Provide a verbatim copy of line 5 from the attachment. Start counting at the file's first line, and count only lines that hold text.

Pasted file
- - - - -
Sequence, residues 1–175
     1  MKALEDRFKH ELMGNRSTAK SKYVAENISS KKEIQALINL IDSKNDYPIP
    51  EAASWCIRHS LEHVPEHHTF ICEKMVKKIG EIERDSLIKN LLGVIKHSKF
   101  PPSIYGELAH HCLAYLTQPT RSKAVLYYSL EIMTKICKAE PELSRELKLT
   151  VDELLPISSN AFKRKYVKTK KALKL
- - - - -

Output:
   151  VDELLPISSN AFKRKYVKTK KALKL